Disrespecting auditionees cannot continue

28th August 2022

Theatre Director Adrian Noble recently said in The Guardian, ‘Auditioning actors endure a litany of misery’ and things must change. 

He goes on to mention the challenges he has come across in his experience

Directors are rude, look at their iPhones during the audition, run late and don’t apologise, they chat away to their casting director as if the actor didn’t exist, they laugh at private review copy jokes.

Now, I understand that directors can be very busy and under a lot of pressure when casting, but it doesn’t mean that they can be rude and disrespectful to those auditioning. 

At the end of the day these directors have put a call out for someone to join their cast, so they should be pleased that they have this incredible amount of talent in front of them wanting to work for them. 

Auditions give actors a chance to showcase their talent and show casting directors, producers and more that they are the right person for the job. It is also a great opportunity to gain insight into how it’ll be working with them going forward. If the first meeting with the creative team isn’t positive, it is important to think about how will the process continue?

At The Play’s The Thing Theatre Company we always treat actors with great respect. We do this by giving auditionees the required material in plenty of time, reading CVs before every audition so we can get to know who we are meeting and having a warm and welcoming atmosphere to make our auditionees feel relaxed and at ease. This way we can ensure we are giving all auditionees the same opportunity and getting the very best out of everyone. The actors we have worked with seem very appreciative of this.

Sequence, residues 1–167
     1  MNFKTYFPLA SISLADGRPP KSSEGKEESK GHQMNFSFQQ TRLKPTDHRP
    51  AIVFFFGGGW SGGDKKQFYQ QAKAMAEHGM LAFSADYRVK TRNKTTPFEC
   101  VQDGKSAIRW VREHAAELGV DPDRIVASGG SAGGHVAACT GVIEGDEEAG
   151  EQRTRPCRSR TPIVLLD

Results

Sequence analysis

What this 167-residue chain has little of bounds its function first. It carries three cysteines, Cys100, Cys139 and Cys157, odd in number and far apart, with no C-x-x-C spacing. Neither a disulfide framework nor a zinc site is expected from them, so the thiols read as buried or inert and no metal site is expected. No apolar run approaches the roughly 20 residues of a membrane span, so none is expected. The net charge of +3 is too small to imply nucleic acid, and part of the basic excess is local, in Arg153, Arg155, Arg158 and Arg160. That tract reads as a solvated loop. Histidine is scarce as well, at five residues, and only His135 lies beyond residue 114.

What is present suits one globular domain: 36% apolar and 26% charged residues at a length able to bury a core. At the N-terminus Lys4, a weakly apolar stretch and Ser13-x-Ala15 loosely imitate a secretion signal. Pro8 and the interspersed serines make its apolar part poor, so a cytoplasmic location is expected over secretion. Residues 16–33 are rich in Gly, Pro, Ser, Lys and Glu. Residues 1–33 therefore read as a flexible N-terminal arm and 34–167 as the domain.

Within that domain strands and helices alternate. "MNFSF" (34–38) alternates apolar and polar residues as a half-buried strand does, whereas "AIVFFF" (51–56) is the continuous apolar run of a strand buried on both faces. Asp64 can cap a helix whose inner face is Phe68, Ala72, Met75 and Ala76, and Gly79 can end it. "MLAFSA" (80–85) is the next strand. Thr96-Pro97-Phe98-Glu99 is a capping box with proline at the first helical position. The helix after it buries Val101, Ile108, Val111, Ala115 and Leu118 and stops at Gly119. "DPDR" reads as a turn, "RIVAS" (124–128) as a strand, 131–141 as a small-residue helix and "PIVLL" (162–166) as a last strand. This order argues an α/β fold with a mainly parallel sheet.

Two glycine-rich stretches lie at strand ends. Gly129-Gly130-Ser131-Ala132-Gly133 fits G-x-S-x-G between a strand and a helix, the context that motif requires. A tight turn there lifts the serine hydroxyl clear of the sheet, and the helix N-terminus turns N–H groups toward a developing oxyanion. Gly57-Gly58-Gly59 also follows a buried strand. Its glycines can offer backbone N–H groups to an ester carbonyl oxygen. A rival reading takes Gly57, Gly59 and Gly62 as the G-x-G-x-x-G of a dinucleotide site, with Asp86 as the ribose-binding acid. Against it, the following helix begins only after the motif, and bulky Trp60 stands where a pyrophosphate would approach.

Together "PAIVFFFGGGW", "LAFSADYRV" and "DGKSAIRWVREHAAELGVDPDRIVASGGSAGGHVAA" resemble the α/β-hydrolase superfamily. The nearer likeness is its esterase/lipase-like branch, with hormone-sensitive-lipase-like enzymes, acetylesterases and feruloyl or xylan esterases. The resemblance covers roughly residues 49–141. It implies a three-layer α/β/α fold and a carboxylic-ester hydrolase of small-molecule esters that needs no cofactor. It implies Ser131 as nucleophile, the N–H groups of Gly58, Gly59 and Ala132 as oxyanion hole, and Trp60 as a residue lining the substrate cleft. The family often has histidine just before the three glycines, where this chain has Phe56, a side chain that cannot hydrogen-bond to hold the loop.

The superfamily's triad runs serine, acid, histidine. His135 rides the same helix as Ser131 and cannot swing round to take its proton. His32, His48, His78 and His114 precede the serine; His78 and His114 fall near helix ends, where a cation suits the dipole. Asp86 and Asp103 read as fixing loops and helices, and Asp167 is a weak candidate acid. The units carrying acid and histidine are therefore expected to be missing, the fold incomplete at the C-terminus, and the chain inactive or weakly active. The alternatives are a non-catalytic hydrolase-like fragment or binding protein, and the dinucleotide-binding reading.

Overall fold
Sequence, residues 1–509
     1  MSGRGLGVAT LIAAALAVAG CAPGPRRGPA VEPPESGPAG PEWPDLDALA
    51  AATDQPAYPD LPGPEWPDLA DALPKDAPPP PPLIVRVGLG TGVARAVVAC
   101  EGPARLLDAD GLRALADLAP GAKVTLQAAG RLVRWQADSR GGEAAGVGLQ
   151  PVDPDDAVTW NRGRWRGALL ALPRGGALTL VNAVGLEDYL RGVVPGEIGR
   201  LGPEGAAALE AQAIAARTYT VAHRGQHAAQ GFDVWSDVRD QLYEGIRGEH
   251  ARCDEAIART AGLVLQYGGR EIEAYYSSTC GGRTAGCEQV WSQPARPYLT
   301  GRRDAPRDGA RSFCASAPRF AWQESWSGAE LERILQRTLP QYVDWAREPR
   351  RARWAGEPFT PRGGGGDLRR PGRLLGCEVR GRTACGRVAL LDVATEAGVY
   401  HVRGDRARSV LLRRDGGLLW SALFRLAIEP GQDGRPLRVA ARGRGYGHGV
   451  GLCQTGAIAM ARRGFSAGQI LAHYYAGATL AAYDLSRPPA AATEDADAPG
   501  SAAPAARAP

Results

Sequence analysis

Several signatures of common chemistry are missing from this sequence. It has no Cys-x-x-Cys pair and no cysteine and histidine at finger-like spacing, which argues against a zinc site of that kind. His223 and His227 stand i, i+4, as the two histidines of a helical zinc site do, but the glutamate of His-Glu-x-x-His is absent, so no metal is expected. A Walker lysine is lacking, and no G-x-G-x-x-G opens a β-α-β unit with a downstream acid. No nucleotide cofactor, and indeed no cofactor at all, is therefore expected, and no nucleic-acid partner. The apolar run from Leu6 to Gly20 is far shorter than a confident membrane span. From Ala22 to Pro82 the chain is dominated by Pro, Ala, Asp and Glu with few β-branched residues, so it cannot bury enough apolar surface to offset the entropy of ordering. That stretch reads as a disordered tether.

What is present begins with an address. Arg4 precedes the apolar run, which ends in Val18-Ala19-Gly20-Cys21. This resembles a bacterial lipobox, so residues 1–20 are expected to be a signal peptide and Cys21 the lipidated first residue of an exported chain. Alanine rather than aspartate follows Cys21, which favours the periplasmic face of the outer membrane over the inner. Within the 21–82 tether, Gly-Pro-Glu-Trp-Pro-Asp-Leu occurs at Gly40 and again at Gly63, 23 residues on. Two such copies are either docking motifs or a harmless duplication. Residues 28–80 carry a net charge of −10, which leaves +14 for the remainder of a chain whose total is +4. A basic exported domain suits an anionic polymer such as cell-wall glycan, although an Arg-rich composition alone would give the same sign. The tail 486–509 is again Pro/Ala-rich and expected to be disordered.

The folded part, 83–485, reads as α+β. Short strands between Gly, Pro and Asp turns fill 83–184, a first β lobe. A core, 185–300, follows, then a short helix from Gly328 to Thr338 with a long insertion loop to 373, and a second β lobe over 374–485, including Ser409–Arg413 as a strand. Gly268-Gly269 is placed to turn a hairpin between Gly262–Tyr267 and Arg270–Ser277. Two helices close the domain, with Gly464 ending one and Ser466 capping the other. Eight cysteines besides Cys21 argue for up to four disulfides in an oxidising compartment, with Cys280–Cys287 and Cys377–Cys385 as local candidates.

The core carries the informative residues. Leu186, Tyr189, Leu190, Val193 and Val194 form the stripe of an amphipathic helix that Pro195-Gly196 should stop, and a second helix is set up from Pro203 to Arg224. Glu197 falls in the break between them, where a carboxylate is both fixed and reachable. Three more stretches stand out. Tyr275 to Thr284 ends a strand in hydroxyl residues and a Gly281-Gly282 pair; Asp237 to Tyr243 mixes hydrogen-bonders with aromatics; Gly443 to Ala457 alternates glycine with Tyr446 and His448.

We are all about being fair, not only in auditions and productions but also in paying our actors, and we have worked hard to build our reputation on this.

It’s right that a director should not be rude to you - manners cost nothing - but it also works both ways. Treating a director or producer badly isn’t wise as they don’t have to invite you for auditions or hire you again! We have had a couple of very rude auditionees, which has surprised me, but they are very much in the minority. 

Being able to see it from an actor’s point of view is important as it can seem that producers and directors has a hold on actors as they are the ones with the opportunities that actors have worked so hard and honed their craft for.

Actors will continue to contact directors and attend auditions, even if it is a negative experience, because being part of a theatre production is what they have trained so long to do. It is hard to take a stand against rude directors as it could cut actors off from future work and opportunities. Like Noble says: “the actor is a supplicant”.

I don’t know another industry where this sort of behaviour would be ok. Why do some people think they can get away with disrespecting or being offensive to actors in theatre/entertainment? 

It is totally unacceptable, and things do need to change. 

Have you ever experienced this behaviour?